Aug '09 - May '10
And we're off.
I'd previously blogged on archinect during grad school 1.0 at Kent State's Cleveland Urban Design Collaborativehere
In typical blog fashion, I'm going to immediately apologize for not posting enough and resolve to do better...now that that's out of the way.
I'm at UPenn in their post-professional MArchII program. It's a 1 year program for students with a professional degree. There are about 40 students in the program.
Since it's a post-professional program and many students are coming from odd backgrounds (different schools, work, countries,) we start the year off with a week long "intensive digital methods" class to bring the class to a generally equal level. This class is/was taught by Justin Diles. I expected this to be a general technique class regarding rhinoceros, grasshopper, maya, and generally hit all of the typical areas of parametricism. On the contrary, it was pretty much a week long Maya tutorial, focusing on the parametric capabilities of the program: animation, dynamics, with a bit on rendering and polygon modelling as well.
Diles refers to the method he teaches as the "Digital Workflow;" designing parametrically in maya, using rhino for preparation and fabrication, and then Adobe Creative Suite for presentation. I'm possibly the sole member of the class that has used this workflow extensively. (Good job Kent!). Nonetheless, the class was great for me to really have some time to practice and feel comfortable with the program.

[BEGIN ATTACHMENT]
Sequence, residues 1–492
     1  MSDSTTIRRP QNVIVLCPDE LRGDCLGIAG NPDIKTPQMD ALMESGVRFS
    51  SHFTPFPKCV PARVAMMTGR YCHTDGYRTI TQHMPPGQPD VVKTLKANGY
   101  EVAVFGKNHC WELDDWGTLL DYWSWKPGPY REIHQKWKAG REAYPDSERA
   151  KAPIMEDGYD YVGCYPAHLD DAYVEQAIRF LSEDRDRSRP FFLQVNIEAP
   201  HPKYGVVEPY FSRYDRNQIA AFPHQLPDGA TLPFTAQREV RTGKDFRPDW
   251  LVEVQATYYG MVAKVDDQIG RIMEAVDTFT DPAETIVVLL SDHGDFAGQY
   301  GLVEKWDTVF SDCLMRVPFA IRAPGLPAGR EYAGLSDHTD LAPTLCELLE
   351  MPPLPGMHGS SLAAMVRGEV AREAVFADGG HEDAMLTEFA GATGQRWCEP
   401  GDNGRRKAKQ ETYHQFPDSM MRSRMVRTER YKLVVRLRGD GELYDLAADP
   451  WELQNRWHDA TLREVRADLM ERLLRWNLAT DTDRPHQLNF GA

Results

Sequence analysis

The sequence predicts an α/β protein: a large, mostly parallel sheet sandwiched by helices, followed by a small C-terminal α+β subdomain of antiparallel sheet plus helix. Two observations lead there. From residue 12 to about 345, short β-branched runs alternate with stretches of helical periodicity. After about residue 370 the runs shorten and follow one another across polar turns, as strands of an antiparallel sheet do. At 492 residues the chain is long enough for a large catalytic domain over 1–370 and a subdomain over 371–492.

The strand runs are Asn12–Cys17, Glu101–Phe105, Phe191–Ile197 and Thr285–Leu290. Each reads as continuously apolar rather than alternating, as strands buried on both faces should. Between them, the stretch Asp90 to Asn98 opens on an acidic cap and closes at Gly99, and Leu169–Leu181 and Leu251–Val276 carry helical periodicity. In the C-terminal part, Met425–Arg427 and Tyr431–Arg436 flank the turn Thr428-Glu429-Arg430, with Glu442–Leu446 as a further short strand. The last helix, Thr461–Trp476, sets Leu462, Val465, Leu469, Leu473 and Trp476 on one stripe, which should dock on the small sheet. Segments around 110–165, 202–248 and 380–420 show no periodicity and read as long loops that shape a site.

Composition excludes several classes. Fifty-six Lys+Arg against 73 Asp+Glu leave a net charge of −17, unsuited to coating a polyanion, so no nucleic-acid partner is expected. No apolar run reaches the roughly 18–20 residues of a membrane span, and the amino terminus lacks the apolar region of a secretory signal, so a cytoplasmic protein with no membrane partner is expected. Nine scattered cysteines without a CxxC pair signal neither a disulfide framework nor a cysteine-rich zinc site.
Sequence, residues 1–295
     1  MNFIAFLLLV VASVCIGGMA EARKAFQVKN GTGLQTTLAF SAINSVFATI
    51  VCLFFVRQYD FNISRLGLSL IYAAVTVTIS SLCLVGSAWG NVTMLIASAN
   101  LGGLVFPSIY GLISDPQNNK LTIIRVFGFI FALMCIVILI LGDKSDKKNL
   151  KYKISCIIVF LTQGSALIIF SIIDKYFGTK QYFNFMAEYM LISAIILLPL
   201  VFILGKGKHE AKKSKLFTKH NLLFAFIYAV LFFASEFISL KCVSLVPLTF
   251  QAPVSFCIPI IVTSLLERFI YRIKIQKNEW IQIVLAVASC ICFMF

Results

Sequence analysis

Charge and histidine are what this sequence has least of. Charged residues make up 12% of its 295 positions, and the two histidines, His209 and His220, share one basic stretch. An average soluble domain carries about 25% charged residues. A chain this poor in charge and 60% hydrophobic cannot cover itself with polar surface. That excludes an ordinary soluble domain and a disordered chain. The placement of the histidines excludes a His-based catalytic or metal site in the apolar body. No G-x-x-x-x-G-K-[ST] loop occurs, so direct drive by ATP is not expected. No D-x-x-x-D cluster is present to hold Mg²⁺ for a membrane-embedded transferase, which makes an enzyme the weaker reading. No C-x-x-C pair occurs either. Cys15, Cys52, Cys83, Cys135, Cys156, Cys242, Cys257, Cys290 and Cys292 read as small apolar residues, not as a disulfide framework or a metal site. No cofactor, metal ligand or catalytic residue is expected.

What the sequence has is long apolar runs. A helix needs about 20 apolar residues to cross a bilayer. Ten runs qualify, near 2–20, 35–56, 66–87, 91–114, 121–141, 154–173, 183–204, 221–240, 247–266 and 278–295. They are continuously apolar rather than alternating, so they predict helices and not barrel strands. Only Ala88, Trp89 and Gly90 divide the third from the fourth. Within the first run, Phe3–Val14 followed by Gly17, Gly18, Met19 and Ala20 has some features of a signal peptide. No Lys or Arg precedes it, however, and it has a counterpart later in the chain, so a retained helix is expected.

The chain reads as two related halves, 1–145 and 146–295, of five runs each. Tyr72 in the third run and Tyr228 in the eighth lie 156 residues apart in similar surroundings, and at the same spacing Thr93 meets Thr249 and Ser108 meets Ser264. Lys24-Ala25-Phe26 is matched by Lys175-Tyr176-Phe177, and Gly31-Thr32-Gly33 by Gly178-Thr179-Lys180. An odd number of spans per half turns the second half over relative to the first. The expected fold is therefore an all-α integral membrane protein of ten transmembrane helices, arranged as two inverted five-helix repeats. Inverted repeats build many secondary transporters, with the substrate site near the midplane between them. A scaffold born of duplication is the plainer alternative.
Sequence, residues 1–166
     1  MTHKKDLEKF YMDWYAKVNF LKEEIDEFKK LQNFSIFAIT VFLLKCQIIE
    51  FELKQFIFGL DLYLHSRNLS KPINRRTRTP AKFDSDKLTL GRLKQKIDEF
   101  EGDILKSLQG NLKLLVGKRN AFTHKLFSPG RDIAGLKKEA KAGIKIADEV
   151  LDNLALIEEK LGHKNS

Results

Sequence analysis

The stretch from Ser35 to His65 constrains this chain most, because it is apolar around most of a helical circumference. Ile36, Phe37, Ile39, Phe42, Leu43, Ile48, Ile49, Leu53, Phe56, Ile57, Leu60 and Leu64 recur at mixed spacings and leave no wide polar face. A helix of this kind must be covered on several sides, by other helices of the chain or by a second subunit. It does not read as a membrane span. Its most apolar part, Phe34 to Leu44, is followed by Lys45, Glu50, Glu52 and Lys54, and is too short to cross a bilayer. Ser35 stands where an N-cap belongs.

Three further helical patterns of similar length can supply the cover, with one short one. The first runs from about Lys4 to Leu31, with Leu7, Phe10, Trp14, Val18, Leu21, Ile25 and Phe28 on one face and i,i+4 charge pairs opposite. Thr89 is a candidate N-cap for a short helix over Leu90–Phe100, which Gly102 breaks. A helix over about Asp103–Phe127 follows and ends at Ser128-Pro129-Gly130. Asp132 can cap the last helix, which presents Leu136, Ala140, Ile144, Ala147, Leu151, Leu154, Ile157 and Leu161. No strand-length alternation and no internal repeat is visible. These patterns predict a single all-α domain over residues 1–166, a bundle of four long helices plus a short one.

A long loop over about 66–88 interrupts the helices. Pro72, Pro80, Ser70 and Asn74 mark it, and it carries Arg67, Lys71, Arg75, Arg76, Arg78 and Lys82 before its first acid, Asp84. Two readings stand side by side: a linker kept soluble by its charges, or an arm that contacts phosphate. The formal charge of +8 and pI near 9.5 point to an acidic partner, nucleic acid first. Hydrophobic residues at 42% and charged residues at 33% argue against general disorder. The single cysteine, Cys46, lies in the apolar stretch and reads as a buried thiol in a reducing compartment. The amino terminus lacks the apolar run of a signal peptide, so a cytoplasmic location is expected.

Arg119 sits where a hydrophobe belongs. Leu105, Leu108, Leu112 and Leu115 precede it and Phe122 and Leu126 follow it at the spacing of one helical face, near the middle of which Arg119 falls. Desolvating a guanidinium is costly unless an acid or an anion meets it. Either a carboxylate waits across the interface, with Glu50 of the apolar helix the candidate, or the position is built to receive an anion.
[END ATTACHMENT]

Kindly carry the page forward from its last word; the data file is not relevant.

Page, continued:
IDM lasted a week and on first day of classes (Sept.9) we're presenting projects to test / prove our skills - using the PS1 YAP prompt. This week will be some extensive studio wood-shedding.
I went to NYC (my first time...ashamedly) this weekend with some classmates to check things out (including PS1, by MOS). After having seen pictures and perpetuating the snuffleupugus joke, I was surprised at how nice the space actually was. While I still kind of think that MOS phoned it in terms of detail / construction / material, it's an okay place to be.
More to follow! Including; pictures of the rarely photographed UPenn studio space.